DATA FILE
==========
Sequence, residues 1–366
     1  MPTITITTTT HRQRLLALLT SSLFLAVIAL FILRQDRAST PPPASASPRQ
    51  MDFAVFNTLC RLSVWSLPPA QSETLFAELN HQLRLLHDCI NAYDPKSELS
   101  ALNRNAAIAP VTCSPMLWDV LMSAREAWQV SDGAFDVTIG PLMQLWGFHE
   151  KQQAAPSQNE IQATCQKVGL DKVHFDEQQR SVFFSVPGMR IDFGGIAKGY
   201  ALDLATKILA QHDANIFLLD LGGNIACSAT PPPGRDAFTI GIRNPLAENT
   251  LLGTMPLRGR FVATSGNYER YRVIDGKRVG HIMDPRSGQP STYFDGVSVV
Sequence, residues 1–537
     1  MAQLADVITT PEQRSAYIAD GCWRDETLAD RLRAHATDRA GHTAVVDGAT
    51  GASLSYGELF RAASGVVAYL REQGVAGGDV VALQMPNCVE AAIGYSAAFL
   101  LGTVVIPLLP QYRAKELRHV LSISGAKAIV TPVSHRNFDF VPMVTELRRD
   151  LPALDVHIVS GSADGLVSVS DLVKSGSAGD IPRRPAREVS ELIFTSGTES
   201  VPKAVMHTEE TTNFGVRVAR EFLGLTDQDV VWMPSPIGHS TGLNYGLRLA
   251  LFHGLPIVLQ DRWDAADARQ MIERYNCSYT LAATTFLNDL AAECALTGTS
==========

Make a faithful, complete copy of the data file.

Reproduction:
Sequence, residues 1–366
     1  MPTITITTTT HRQRLLALLT SSLFLAVIAL FILRQDRAST PPPASASPRQ
    51  MDFAVFNTLC RLSVWSLPPA QSETLFAELN HQLRLLHDCI NAYDPKSELS
   101  ALNRNAAIAP VTCSPMLWDV LMSAREAWQV SDGAFDVTIG PLMQLWGFHE
   151  KQQAAPSQNE IQATCQKVGL DKVHFDEQQR SVFFSVPGMR IDFGGIAKGY
   201  ALDLATKILA QHDANIFLLD LGGNIACSAT PPPGRDAFTI GIRNPLAENT
   251  LLGTMPLRGR FVATSGNYER YRVIDGKRVG HIMDPRSGQP STYFDGVSVV
Sequence, residues 1–537
     1  MAQLADVITT PEQRSAYIAD GCWRDETLAD RLRAHATDRA GHTAVVDGAT
    51  GASLSYGELF RAASGVVAYL REQGVAGGDV VALQMPNCVE AAIGYSAAFL
   101  LGTVVIPLLP QYRAKELRHV LSISGAKAIV TPVSHRNFDF VPMVTELRRD
   151  LPALDVHIVS GSADGLVSVS DLVKSGSAGD IPRRPAREVS ELIFTSGTES
   201  VPKAVMHTEE TTNFGVRVAR EFLGLTDQDV VWMPSPIGHS TGLNYGLRLA
   251  LFHGLPIVLQ DRWDAADARQ MIERYNCSYT LAATTFLNDL AAECALTGTS